The Anzac memorial tells a story of a fictitious boy in 1914 who joins the AIF from the local area, travels for the first time across state and overseas like most did, trains in the desert, deployed to a foreign beach and instantly becomes a soldier, survives the war, returns home, marries his sweetheart, raises a family, becomes a grandfather and great grandfather. His Anzac legacy for peace is narrated visually and commemorated 100 years after his encounter in 1915.
The memorial evokes imagination through the visual conversation between object and memory by impressing these into clay, creating ‘memory fossils’ with icons of hope and of home. For example, the front door key or a wedding ring as perhaps were carried going ‘over the wall’ into battle.
Artefacts from Gallipoli and WW1 are in other cards responding to the timeline in the granite story tiles inspired by black and white film footage imagery. These depict scenes of leaving the Australian shores, desert training in Africa and the landing on Anzac cove, to the battles, daily life, notable Anzacs, indigenous soldiers, and nurses and of home and hope.
The campaign ribbons date from the first battle in 1863 to peacekeeping missions in 2019. They are laid out lineally below the granite story tiles and show the extent of participation in conflicts over the last 150 years.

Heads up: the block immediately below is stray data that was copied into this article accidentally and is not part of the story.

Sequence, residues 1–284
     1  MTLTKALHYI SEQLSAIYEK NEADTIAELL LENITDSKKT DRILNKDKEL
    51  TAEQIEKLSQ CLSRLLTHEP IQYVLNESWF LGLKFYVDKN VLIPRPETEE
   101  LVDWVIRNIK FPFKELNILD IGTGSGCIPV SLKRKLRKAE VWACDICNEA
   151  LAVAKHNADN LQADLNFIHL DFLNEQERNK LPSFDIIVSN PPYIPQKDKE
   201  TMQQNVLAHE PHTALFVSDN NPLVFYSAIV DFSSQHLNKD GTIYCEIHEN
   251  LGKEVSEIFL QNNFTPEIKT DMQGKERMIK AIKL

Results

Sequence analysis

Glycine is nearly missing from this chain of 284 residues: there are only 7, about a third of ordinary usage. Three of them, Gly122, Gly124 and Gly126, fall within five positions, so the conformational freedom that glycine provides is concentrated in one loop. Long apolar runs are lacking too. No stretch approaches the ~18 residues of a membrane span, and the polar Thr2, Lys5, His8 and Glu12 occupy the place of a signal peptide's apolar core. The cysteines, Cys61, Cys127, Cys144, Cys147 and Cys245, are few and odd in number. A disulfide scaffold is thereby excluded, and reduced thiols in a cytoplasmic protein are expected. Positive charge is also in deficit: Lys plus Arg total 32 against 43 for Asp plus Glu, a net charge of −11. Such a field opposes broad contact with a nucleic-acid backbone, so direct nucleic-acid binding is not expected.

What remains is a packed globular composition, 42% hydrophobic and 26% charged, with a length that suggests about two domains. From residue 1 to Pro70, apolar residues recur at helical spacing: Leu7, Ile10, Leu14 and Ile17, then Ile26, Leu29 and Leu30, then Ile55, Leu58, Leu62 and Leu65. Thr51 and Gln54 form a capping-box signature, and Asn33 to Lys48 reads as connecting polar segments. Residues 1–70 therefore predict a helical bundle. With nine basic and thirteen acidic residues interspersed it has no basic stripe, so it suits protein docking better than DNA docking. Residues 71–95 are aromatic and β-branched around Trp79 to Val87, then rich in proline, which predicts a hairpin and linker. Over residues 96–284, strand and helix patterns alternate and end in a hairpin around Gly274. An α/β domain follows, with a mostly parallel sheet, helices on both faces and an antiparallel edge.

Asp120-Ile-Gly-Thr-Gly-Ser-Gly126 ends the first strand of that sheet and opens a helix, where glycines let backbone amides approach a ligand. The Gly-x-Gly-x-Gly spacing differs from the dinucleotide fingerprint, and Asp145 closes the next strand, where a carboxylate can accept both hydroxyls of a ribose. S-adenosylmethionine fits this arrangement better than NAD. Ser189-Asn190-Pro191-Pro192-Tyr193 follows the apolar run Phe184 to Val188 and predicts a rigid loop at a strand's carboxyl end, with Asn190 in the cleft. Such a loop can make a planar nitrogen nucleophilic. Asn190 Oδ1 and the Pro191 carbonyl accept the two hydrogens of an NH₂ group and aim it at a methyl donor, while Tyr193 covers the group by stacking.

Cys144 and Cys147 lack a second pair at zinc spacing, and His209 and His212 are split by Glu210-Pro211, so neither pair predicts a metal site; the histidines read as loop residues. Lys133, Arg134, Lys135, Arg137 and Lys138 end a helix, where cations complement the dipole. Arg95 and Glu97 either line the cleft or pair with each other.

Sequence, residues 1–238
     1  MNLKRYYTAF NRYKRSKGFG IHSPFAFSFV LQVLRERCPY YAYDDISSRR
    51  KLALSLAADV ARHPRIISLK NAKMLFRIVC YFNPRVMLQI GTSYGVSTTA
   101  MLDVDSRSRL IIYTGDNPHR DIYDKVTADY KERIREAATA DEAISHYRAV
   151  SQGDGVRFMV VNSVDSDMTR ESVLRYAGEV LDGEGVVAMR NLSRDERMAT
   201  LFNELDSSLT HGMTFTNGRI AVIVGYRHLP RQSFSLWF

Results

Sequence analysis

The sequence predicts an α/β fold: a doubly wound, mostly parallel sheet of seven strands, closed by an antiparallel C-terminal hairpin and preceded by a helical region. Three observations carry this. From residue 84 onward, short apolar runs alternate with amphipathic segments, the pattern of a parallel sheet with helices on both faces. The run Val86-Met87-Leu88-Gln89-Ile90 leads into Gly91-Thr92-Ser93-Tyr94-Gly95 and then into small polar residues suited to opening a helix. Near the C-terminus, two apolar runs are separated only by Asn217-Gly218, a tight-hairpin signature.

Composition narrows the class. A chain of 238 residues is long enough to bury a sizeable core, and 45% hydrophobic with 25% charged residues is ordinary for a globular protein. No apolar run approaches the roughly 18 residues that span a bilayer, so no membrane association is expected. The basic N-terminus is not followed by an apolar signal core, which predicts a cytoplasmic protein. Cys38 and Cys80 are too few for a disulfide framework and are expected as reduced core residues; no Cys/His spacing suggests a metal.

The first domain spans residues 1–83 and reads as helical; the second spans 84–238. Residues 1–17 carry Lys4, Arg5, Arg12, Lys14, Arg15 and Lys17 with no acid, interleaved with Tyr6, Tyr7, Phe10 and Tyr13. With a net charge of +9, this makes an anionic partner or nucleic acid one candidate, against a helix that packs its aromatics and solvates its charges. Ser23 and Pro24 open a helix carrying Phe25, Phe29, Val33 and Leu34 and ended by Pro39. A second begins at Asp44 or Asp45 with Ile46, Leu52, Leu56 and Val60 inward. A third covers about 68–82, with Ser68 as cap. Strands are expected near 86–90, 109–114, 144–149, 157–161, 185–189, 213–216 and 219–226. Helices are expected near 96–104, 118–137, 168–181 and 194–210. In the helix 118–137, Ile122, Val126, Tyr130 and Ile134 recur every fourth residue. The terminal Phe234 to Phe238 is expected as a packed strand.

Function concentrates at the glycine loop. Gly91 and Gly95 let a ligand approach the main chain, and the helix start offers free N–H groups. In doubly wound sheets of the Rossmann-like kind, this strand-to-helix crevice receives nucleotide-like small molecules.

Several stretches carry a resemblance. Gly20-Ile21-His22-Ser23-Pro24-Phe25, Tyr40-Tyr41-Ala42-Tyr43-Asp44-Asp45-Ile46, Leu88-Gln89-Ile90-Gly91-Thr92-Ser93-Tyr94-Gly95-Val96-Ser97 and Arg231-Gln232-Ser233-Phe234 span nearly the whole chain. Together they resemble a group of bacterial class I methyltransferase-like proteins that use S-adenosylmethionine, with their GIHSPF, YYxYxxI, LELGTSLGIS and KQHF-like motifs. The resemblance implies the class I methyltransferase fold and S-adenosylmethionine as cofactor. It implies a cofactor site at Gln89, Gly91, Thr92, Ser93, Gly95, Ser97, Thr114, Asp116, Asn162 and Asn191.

The shape or form of the memorial uses the existing faceted walling to evoke the Gallipoli cove topography of headlands and bays. The profile of the cliffs and hills or vertical terrain are also stylised from the rising sun AIF badge.
The sloping ends of the walls are the time hands of arrival to departure.
The rusting steel shard with the cruciform of ‘Lest We Forget’ is inspired by the bow of the transport ship aggressively piercing into the waves, as the junction between being on a boat and the Gallipoli landing.
The floor is the Aegean sea moves in blue lines from dark to light represent the deep to the shallow. It flows into bays and headlands of the faceted walls with the bullet tracer yellow lines extending to the edge of the memorial, in a sense warning the visitor.
The red and white ceramic bench for the nurses is inspired by the nurse’s cloak worn at that time. The bench provides rest and reflection and a panoramic view of the memorial.
This extraordinary memorial is an engaging story of Gallipoli through the visual and tactile, creating a narrative like no other in Australia.
The memorial is also different is its recognition not just of the soldiers but also of women, nurses, the home effort and in particular, indigenous soldiers.
It was designed and built by Dr Pete Macfarlane, the celebrated memorial architect and stonemason.